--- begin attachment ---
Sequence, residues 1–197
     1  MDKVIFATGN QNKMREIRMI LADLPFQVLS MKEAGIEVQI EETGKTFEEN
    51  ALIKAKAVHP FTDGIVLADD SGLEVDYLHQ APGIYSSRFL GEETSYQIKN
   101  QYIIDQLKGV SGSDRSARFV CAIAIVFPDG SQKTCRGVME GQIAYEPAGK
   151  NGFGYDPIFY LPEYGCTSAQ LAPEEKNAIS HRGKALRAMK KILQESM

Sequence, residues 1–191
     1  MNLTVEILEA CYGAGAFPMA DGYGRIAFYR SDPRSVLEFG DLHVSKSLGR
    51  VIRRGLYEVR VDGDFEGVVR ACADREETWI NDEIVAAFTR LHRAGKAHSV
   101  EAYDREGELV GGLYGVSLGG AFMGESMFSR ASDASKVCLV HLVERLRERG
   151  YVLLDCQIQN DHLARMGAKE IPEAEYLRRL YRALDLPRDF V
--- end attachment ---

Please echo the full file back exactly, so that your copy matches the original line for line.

Sequence, residues 1–197
     1  MDKVIFATGN QNKMREIRMI LADLPFQVLS MKEAGIEVQI EETGKTFEEN
    51  ALIKAKAVHP FTDGIVLADD SGLEVDYLHQ APGIYSSRFL GEETSYQIKN
   101  QYIIDQLKGV SGSDRSARFV CAIAIVFPDG SQKTCRGVME GQIAYEPAGK
   151  NGFGYDPIFY LPEYGCTSAQ LAPEEKNAIS HRGKALRAMK KILQESM

Sequence, residues 1–191
     1  MNLTVEILEA CYGAGAFPMA DGYGRIAFYR SDPRSVLEFG DLHVSKSLGR
    51  VIRRGLYEVR VDGDFEGVVR ACADREETWI NDEIVAAFTR LHRAGKAHSV
   101  EAYDREGELV GGLYGVSLGG AFMGESMFSR ASDASKVCLV HLVERLRERG
   151  YVLLDCQIQN DHLARMGAKE IPEAEYLRRL YRALDLPRDF V